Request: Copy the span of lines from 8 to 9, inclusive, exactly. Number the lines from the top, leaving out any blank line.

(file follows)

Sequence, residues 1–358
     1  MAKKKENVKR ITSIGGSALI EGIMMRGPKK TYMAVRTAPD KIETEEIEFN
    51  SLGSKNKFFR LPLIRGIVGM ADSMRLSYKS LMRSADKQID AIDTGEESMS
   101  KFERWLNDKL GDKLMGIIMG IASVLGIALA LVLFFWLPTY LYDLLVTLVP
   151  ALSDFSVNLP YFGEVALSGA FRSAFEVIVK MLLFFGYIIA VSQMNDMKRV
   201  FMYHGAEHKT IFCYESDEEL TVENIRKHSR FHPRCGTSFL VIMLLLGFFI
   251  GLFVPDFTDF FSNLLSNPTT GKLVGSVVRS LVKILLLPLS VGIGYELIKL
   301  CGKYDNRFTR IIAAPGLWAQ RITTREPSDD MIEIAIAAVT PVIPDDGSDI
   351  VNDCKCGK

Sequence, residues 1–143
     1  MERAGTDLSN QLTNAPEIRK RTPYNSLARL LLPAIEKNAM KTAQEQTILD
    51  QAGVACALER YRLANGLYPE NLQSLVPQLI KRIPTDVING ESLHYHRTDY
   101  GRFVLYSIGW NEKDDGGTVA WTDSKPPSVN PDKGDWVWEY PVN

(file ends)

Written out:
   301  CGKYDNRFTR IIAAPGLWAQ RITTREPSDD MIEIAIAAVT PVIPDDGSDI
   351  VNDCKCGK